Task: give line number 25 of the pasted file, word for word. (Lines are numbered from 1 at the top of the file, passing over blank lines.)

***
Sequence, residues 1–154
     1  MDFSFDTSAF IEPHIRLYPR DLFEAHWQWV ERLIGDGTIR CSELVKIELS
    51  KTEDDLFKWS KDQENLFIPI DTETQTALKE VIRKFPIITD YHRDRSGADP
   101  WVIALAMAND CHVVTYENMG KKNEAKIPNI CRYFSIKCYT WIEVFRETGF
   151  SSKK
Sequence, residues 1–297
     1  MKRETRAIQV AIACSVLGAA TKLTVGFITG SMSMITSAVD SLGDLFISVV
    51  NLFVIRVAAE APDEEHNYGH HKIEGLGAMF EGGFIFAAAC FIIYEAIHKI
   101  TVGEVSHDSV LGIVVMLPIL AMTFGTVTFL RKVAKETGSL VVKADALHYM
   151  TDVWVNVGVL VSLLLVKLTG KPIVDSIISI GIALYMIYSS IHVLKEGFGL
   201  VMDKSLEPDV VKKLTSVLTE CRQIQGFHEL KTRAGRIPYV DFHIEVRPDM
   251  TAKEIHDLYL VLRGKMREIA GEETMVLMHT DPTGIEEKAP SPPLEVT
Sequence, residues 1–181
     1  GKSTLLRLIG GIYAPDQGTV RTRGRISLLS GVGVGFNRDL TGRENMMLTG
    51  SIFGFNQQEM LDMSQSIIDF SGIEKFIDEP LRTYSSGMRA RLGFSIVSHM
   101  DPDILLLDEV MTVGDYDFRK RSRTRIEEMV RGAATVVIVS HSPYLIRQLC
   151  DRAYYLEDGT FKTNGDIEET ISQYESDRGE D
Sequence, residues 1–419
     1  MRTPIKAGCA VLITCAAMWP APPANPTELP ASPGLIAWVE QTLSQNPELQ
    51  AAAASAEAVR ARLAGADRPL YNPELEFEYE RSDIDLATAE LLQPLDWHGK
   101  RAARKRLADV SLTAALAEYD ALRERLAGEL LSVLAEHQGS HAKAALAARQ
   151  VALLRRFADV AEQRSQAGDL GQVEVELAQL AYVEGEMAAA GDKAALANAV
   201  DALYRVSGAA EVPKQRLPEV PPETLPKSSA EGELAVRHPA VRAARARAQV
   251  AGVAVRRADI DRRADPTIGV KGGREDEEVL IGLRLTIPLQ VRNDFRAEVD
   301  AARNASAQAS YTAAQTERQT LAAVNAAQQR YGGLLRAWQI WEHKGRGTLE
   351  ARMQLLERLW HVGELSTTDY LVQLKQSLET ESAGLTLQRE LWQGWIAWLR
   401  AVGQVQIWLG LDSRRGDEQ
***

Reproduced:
   301  AARNASAQAS YTAAQTERQT LAAVNAAQQR YGGLLRAWQI WEHKGRGTLE